Not to be confused with the Vincent Price short film directed by John Landis, Judge Paul Corupe says this will appeal both to exploitation fans and Tarantino fans looking for one of his Kill Bill inspirations.
The first film, ever, to be banned in Sweden!
Somehow, a thirty-year old Swedish revenge film, released in North America as They Call Her One Eye, has gone from being a little-known oddity to one of the most anticipated DVDs of 2004. After long being promised by a European DVD distributor, this exploitation bombshell eventually ended up in the well-oiled shotgun of cult DVD kingpin Synapse—just as further curiosity in the film was provoked by Quentin Tarantino, who paid tribute to the iconic heroine of Thriller with the eye-patched Elle Driver in Kill Bill. The expectations on Synapse to deliver have never been higher, and even the inexplicable efforts of director Bo A. Vibenius to stop this DVD from reaching the public won't stop viewers from being absolutely blown away—this disc drives up to your house, bangs on your front door and unloads on you like the enraged One Eye herself.
Facts of the Case
Madeline (Christina Lindberg, Around the World with Fanny Hill) is a mute girl living with her parents in the rural Swedish countryside. After missing the bus one afternoon, she gets a lift into the city with Tony (Heinz Hopf, Fanny and Alexander), a fast-talking charmer in a cool car. Tony convinces her to come out for a night on the town, but when they return to his home for a nightcap, he drugs the young girl and hooks her on high-grade heroin. When she finally awakens, Madeline realizes the horrible truth—Tony has put her to the addiction treadmill in order to enslave her as a prostitute. At first she resists, but after the pitiless pimp takes a scalpel to her left eye, she finds she has no choice but to fall into line. In between servicing loutish clients of both sexes, Madeline learns that her parents have killed themselves in the wake of her disappearance. Brokenhearted, she secretly begins to train in combat, stunt driving, and marksmanship. Soon, she feels confident enough to take on both her johns and the malicious pimp who disgraced her in the first place.
When popped in the DVD player, instead of the standard options like "chapter selection" and "extras," Thriller gives us a menu screen with more appropriate choices: "Death," "Destruction," "Mayhem," and "Revenge." It's a fitting touch when you realize that the film really does live up to those descriptions—and a few best left unmentioned yet! Thriller is quite simply one of the best rape revenge films of the 1970s, an unforgettable precursor to such notorious exploitation productions as Death Weekend, I Spit on Your Grave, and Forced Entry. Instead of indulging in the hillbilly seediness that is synonymous with these films, Thriller opts for a more urbane and stylistic assault that is just as—if not more—forceful and potent than its North American country cuzzins. In fact, I'd be hard pressed to come up with a cult film that delivers as solidly on its promises as this one does.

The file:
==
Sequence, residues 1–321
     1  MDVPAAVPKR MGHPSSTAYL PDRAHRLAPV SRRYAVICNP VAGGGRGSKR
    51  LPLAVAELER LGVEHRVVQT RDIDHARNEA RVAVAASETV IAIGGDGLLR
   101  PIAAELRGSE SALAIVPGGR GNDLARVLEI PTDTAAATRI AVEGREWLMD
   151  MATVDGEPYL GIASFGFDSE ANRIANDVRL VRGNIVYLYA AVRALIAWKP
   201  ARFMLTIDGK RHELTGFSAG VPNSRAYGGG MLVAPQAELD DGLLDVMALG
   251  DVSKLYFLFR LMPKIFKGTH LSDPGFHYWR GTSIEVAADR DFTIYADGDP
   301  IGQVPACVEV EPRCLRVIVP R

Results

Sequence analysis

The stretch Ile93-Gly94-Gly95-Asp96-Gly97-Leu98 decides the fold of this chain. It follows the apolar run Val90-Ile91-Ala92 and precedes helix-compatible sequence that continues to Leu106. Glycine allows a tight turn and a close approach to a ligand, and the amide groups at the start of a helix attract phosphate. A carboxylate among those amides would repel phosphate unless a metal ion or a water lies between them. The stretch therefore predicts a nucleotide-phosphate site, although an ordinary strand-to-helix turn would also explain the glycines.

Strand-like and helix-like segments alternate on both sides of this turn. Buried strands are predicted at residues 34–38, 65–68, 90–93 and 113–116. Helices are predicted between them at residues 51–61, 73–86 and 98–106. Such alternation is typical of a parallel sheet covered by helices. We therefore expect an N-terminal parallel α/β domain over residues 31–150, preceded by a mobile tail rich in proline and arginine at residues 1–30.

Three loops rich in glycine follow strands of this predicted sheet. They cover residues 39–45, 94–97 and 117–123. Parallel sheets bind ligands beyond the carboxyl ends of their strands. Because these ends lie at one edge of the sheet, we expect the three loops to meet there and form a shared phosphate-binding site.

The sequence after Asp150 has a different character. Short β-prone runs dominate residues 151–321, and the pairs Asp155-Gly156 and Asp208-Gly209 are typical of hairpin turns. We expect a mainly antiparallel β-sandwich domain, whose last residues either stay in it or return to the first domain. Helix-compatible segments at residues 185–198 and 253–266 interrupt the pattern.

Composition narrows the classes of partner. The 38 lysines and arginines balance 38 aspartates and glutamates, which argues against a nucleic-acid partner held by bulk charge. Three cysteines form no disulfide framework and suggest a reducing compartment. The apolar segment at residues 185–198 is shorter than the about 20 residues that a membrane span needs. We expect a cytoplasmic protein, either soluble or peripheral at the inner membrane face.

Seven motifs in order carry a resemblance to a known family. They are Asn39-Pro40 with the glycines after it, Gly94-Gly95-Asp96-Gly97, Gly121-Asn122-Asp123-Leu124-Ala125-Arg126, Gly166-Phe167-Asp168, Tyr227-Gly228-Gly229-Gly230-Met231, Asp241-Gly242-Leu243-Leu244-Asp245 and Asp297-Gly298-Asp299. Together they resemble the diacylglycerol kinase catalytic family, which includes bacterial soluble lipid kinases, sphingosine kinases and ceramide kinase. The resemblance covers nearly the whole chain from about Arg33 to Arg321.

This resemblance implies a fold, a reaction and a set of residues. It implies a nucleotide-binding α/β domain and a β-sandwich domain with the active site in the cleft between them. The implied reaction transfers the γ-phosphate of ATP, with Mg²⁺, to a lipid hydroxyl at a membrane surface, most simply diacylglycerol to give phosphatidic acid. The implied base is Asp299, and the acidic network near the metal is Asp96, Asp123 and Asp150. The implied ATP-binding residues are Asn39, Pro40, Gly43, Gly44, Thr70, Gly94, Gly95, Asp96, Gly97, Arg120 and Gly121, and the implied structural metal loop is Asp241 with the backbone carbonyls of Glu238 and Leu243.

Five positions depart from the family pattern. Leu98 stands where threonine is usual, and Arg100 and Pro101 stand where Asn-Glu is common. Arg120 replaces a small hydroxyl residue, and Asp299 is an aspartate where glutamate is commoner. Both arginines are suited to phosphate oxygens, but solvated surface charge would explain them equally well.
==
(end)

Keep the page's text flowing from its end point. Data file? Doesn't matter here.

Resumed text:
You might assume that the violence in a film subtitled "A Cruel Picture" would be sadistic and bloody, but when it comes to actually spilling the red stuff, the effects are not as explicit as I was expecting. Besides the brutal eye-gouging scene, thought to have actually been performed on a real human corpse (a rumor I'm inclined to disbelieve), the film doesn't break a whole lot of new ground on the gore front. Not that this works against the film, mind you, as even the off-screen violence is terrible in its very implication. Instead of highlighting the kind of voyeuristic atrocities more associated with gory Italian horror, Thriller has its own distinctive technique for giving the revenge scenes their impact. As Madeline mentally crosses the names off of her own retribution checklist, the film launches into slow motion carnage. Violence comes in the form of lingering exploding plasma packs, prolonged shotgun blasts, and drawn out knee kicks that send bodies floating alongside arcs of skillfully spewed Caro syrup. This effect works absolutely beautifully when combined with the film's echoing monophonic score, giving the proceedings a resonance that helps Thriller stand out from its blood-drenched contemporaries.
Even in those scenes that don't intoxicate the viewer with a heady mix of sex, violence, and drugs, Thriller still shocks once more—with a surprising amount of artistic pretense. Besides the film's stylistic use of violence, Vibenius has taken obvious pains to create attractive arthouse shot compositions, including some amazing dreamlike sequences; an achievement made all the more impressive considering the film's threadbare sets and obvious low budget. Many of the scenes, including Madeline's parents' funeral procession and the slow-mo action set pieces, give the film an unreal, hallucinatory feel, as though the revenge-motivated final act is nothing more than a fever dream imagined in Madeline's half-conscious drug daze. I wouldn't dare try to pass Thriller off as discerning cineaste material, but this film certainly has an arty tendency that will catch many viewers off guard.